The $2.1 trillion stimulus bill President Trump signed into law Friday, called "The Coronavirus Aid, Relief, and Economic Security Act," will disburse emergency relief throughout the economy. The showcase piece is the approximately $500 billion in direct payments to households. For business, the law includes almost $1 trillion in assistance to small and large employers and also includes some tax and regulatory relief.
For large companies, the centerpiece is the authority given the Treasury to use $500 billion in funds to leverage loans and loan guarantees by the Federal Reserve. Because of the effects of leveraging, the actual amount in loans could total several trillion dollars.
"Overall, this is good," Heidi Shierholz, an analyst at the Economic Policy Institute, told The Hill. "[The help] should get out quickly."
Eligible borrowers are businesses, states and localities. Just under 10% of the $500 billion, or about $46 billion, is carved out for airlines.
The Treasury is supposed to publish rules on how the loans will be made by mid-April. Congress built in a number of guardrails, including limitations on stock buybacks and dividend payments, executive compensation, and layoffs, for participating companies. The loans are repayable and terms must be publicly disclosed.
- Loans are for up to five years, at an interest rate comparable to what was applicable prior to the outbreak, and limited to companies that are having trouble getting credit elsewhere.
- Companies must try to maintain employee levels at what they were before the outbreak and at a minimum not reduce headcount by more than 10%.
- Borrowers have to limit pay: executives earning more than $425,000 in 2019 can't earn more than that, or get severance for that amount, for up to a year after the loan term is ended, and for executives earning $3 million in 2019, they can earn an increase only up to half of their 2019 pay. Compensation includes salary, bonuses, awards of stock, and other financial benefits.
- Oversight is provided by a special inspector general, appointed by the president with Senate consent, and a congressional oversight commission.
Small business help
Smaller businesses with 500 employees or fewer can receive emergency grants and forgivable loans from a separate pot of almost $500 billion.
The goal of the assistance is to encourage businesses to retain employees, even if social distancing mandates mean they have to shut their operations down temporarily.
The emergency grants come out of a $10 billion pot and can be for up to $10,000 to help cover operating expenses.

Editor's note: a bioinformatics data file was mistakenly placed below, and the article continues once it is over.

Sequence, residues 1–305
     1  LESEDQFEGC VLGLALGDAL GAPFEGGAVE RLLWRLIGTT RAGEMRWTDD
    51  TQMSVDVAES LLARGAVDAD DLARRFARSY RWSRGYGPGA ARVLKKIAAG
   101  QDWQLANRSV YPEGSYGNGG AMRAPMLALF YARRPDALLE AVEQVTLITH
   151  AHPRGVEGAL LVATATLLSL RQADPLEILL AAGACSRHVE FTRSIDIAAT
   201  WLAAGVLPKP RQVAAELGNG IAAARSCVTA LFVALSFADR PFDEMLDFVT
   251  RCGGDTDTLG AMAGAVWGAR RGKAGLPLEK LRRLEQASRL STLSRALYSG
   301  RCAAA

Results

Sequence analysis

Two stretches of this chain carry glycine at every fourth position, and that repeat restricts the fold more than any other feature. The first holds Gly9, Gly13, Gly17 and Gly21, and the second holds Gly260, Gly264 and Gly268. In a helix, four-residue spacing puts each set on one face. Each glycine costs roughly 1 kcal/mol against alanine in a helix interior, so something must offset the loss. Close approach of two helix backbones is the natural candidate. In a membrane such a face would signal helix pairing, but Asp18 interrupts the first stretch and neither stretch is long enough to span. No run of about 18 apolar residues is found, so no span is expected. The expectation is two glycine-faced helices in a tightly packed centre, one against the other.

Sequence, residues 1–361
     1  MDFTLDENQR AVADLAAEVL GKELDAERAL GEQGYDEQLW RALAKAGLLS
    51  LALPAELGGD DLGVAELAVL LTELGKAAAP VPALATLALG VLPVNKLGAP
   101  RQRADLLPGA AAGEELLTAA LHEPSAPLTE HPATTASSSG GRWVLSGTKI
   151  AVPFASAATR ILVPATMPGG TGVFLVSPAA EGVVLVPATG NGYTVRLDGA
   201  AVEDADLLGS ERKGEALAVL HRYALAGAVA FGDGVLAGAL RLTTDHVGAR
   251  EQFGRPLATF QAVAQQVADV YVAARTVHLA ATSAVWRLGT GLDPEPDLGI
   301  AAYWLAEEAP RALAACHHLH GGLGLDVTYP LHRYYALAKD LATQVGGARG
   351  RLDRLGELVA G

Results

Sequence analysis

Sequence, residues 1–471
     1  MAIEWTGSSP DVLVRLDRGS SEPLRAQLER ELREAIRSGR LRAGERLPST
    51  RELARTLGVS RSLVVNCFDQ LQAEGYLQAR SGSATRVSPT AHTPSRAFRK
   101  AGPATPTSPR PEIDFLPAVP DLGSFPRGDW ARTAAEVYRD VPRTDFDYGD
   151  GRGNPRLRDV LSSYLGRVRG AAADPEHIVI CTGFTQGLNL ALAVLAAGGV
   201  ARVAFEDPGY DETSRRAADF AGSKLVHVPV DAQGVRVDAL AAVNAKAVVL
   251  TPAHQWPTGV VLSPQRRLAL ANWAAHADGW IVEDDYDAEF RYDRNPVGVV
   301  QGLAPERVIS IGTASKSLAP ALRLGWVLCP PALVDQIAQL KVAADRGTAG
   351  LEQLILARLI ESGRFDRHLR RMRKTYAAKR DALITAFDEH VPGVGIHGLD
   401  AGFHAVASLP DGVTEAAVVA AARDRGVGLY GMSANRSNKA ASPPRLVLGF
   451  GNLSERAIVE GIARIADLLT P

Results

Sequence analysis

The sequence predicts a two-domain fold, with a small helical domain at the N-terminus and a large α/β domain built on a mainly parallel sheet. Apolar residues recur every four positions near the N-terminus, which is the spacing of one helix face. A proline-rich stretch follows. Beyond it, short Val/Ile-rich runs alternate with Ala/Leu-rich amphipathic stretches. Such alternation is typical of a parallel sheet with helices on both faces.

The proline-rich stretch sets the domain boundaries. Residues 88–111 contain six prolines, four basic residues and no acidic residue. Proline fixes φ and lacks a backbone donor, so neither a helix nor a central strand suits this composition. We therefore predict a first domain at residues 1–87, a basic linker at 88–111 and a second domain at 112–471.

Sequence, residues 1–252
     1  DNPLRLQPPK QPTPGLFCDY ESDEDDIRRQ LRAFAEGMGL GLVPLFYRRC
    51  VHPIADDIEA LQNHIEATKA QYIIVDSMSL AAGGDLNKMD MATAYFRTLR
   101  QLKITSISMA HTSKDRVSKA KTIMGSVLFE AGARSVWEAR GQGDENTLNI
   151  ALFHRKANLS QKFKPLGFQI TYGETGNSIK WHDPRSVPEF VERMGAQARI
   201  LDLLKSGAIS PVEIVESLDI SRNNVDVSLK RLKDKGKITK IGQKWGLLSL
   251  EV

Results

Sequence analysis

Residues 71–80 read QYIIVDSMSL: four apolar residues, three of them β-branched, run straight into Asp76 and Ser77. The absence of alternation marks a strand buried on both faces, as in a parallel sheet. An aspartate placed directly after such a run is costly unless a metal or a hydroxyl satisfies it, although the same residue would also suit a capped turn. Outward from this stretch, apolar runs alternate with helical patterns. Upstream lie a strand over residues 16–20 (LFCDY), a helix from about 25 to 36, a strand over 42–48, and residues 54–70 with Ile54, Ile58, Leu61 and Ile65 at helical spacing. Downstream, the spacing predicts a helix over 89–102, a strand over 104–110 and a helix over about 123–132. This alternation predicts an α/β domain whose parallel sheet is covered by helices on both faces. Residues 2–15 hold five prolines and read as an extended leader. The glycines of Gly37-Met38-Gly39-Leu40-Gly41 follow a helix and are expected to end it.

The forgivable loans come out of a $350 billion pot managed by the Small Business Administration (SBA). Loans can be up to $10 million to help meet payroll, retain workers, pay rent and meet mortgage and other debt obligations. For the loans to be forgivable, borrowers have to retain their employees at least through the end of June.
Some analysts consider the small business loan pot the most important part of the law, because it injects assistance into the part of the economy — restaurants, stores and other Main Street businesses — that are bearing the brunt of mandated social distancing.
"This provision is super important," Derek Klock, a professor of finance at Virginia Polytechnic Institute and State University, said in The Hill. "So many people are employed by small businesses and yet small businesses don’t have an alternative method for financing."
There’s also a pot of $17 billion to help small businesses that already have an SBA loan cover their payments.
For both small and large businesses, the law creates a refundable tax credit that covers 50% of their first $10,000 in compensation costs per employee. For companies with more than 100 employees, the credit is to cover wages paid to employees who aren’t working because of the pandemic.
Tax and regulatory relief
In addition to these and other big sources of money, including some $125 billion to healthcare organizations, the law tweaks existing rules to encourage businesses to keep their employees on board and improve their liquidity position, among other goals. In one of the most important changes on the tax side, the law restores carryback rules for net operating losses to what they were several years ago to help companies preserve cash.
Over the last several years, Congress has effectively made it impossible for companies to carry back net operating losses and has allowed companies to offset only 80% of taxable income with net operating losses. But under the law, companies no longer face a limit on the use of carryovers from years beginning before January 1, 2018. And they can carry certain losses back for five years.
In all, almost a dozen tax changes were included that should help companies preserve liquidity, among other pressing needs.
On the regulatory side, the law is threaded throughout with provisions granting a temporary easing of rules, including several that banks have been seeking:
- CECL postponement. Banks won’t have to use the new expected credit loss (CECL) accounting standard for making upfront estimates of loan losses. Large banks were to begin using the standard this year, but they can now choose to postpone its use and continue using the traditional incurred-loss standard. The option to postpone goes away once the state of emergency is lifted or the end of this year, whichever comes first, although in rules the Federal Reserve published on Friday, the deferral period is for two years. Community banks and credit unions, which were slated to start using the standard at the end of the year, get that requirement deferred.
- Troubled debt restructurings. To encourage banks to help companies struggling to make loan payments, the law lets them modify loan terms without having the modification listed as a troubled debt restructuring, which otherwise would count as a negative when they’re evaluated by federal regulators.